The Doctrine and Covenants sees such criticism as an opportunity to "shame" the critics of the church: "Wherefore, confound your enemies; call upon them to meet you both in public and in private; and inasmuch as ye are faithful their shame shall be made manifest. Wherefore, let them bring forth their strong reasons against the Lord.


We can recognize faulty reasoning by becoming skillful at recognizing commonly made fallacies. There are many kinds of fallacies, but some are so common in religious discussions that by learning to recognize them you can perhaps avoid ninety percent of false doctrine masquerading as truth.


If a line of reasoning depends upon assuming the truth of something it is trying to prove, that is the fallacy of circular reasoning, or "begging the question." Like most fallacies, this one has a Latin name: "petitio principii". Here are some examples:

Sections 1 and 67 of the Doctrine and Covenants (given on the same day in 1831) contain assurances from God that the revelations in the Doctrine and Covenants are divine, and that Joseph Smith is a prophet of God. Those revelations were received through Joseph Smith. This is a particular kind of question-begging: self-validation.

A similar example is St. Paul's frequent assertion that "I lie not." (Rom 9:1, 2 Cor 11:31, 1 Tim 2:7). This statement by Paul has been offered by apologists as proof that Paul is telling the truth. Of course, anyone with whom we deal in real life, and who keeps saying, "I want you to know that I am an honest man!" is precisely the person who arouses our suspicions about his honesty.

How do we know that the Bible is the Word of God? Because the Bible says so (2 Tim 3:16). How do we know that the Jews are God's chosen people? Because the Jews have told us so in their holy scriptures.

Another special kind of circular reasoning is the argument based on a special definition. It's the "No True Scotsman" fallacy, after an example developed by Antony Flew. The version I like is the assertion by MacGregor that no true Scotsman puts sugar on his oatmeal. When it is pointed out to MacGregor that the Angus Campbell, Lord Mayor of Aberdeen, puts sugar on his oatmeal, he responds that the Lord Mayor is no true Scotsman. It's the same argument that many Christians use to assert that Mormons are not real Christians. I know of Christians who insist that the Pope is not Christian. If you write your own definition, and then argue from it, you are arguing in a circle.

The "Seventeen Points" argument is also a fallacy by special definition. You can write a completely different list of characteristics of the early church, and prove that Mormonism doesn't qualify. [See my article "17 Points of the True Church".]


When an opponent attacks the person making the argument rather than the substance of his argument, we are getting a kind of irrelevant and fallacious argument known as the fallacy of "ad hominem," which means "against the person." Mormons often use this fallacious argument against critics of the church:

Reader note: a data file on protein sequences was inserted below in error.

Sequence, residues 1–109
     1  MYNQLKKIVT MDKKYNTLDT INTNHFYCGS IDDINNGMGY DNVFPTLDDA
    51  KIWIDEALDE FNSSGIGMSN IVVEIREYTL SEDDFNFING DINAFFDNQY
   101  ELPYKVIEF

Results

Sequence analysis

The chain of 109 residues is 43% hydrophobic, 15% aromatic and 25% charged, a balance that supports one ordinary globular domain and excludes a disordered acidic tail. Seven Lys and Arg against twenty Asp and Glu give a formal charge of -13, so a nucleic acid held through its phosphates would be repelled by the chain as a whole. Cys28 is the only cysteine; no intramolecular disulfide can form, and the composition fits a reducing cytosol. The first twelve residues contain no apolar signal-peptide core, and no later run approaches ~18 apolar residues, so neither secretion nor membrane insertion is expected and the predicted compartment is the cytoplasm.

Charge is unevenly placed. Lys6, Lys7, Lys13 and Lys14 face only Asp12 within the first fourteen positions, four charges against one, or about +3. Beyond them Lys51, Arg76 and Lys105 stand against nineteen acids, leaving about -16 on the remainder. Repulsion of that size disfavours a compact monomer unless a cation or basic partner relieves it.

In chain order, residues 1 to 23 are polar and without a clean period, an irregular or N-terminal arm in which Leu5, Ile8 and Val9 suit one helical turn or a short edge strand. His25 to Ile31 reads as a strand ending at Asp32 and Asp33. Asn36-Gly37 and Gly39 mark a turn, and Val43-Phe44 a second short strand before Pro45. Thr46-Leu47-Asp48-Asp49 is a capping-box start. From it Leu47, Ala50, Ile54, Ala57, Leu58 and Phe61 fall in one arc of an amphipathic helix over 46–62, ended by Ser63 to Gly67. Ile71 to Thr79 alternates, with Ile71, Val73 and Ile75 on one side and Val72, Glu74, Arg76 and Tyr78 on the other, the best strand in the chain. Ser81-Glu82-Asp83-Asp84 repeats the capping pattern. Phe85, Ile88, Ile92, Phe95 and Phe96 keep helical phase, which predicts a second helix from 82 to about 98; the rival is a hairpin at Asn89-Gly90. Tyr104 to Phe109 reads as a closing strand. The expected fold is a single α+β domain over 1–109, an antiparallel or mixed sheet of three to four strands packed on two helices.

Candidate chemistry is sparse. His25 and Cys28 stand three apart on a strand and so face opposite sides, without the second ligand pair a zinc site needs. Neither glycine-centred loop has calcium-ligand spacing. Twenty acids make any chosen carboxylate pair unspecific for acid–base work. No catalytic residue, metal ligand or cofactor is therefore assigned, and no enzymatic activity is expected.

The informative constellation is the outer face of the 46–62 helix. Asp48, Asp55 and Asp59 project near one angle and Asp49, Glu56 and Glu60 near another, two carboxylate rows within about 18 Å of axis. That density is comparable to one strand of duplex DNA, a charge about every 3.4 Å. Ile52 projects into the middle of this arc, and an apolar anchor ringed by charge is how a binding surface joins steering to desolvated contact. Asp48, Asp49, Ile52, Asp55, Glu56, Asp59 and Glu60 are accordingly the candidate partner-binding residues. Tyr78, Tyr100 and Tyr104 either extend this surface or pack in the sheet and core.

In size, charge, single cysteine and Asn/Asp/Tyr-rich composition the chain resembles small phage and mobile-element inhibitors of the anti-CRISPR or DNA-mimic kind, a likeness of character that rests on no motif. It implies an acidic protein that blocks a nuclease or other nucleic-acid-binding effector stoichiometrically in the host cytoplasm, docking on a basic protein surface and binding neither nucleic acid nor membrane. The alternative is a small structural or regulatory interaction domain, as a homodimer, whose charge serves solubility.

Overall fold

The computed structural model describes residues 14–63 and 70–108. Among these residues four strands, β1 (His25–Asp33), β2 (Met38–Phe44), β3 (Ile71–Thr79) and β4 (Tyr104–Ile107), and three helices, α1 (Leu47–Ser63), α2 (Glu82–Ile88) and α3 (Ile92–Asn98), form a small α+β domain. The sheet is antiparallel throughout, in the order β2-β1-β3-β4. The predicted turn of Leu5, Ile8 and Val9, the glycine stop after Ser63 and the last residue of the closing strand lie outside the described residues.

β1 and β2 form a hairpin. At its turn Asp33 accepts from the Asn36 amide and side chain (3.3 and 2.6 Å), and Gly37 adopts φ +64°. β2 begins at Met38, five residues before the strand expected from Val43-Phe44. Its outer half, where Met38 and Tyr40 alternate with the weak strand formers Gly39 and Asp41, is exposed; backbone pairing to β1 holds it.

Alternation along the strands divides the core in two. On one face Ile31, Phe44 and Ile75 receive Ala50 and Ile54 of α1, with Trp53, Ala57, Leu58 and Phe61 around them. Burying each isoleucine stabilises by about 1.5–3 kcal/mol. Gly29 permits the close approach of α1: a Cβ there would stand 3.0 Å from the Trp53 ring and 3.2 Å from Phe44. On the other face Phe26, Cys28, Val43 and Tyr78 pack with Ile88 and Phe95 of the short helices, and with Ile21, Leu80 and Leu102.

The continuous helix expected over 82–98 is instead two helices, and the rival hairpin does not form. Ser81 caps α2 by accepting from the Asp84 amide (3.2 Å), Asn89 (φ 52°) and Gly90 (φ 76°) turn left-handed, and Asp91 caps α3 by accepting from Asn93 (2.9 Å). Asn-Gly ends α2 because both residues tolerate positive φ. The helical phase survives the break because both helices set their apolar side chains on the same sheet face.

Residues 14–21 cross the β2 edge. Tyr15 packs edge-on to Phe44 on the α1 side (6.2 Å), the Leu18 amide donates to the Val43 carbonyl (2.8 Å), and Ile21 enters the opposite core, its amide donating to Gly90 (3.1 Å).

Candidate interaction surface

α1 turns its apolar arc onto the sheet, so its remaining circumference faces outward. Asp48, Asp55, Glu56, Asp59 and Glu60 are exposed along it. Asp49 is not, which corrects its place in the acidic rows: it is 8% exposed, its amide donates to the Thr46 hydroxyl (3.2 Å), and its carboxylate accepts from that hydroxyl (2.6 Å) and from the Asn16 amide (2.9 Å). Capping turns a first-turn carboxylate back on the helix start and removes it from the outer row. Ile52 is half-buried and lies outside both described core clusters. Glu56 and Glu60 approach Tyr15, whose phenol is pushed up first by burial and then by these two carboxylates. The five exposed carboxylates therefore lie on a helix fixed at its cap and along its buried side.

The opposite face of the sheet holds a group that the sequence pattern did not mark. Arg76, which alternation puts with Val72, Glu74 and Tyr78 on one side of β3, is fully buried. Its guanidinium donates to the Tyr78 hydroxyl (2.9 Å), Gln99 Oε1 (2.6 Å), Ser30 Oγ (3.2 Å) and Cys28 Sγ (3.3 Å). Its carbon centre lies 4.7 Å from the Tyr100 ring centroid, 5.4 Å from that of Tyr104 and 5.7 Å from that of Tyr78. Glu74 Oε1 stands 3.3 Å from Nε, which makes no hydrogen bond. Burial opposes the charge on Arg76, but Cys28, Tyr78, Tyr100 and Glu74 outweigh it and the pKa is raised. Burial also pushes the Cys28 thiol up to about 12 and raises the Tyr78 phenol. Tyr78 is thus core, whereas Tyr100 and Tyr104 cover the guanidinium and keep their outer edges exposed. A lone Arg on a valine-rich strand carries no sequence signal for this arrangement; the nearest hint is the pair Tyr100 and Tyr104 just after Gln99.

"You know, of course, that the author of this history of Mormonism is a homosexual!"

"The man who wrote this criticism of Mormonism was excommunicated for adultery."

Unless the issue really is their personal integrity, such arguments are irrelevant to the facts at issue.

Of course, sometimes the personal integrity IS the issue, as when we point out that one should be reluctant to believe Joseph Smith's testimony about his visions, when we know that he spent his youth as a con man and deceiver, and lied to his spouse about his polygamous marriages.

Sometimes apologists will accuse me of an "ad hominem" attack when I tell them that they are being stupid and irrational. Of course, if there arguments are indeed stupid and irrational, that is not an ad hominem argument.


The categorical syllogism, developed by Aristotle, in the classic form "All men are mortal; Socrates is a man; therefore Socrates is mortal" is probably not as useful as the hypothetical syllogism, also called the conditional syllogism, developed a century after Aristotle by the Stoic philosopher Chrysippus. Here are some simple examples:

"If the witness is telling the truth, the defendant is guilty. The witness is telling the truth, therefore the defendant is guilty."

"If you have appendicitis, you will have pains in your abdomen. You do not have pains in your abdomen, therefore you do not have appendicitis."

The hypothetical syllogism is probably the most powerful reasoning tool for recognizing what may be true by identifying what is not true. It is the basis for the scientific method. It can take two forms, both beginning with an identical premise with the key words "If.." and "then." "If A is true, then B must be true." This is called the premise. Of course, the premise must be correct, or you will not get reliable results. One form of the syllogism continues: "A IS true; therefore B is true." The other form continues: "B is not true, therefore A is not true."

Like many logical concepts, these also have Latin names. The first form, where A is true, is called "modus ponens", meaning roughly "the method of setting up" because it establishes that something is true. The second form, where B is false, is called "modus tollens", meaning roughly "the method of taking away" because it establishes that something is false.

The two parts of the premise also have names. The "if" part is called the "antecedent," that is, the part that precedes or comes before. The "then" part is called the "consequent," meaning what follows as a consequence of the condition being true.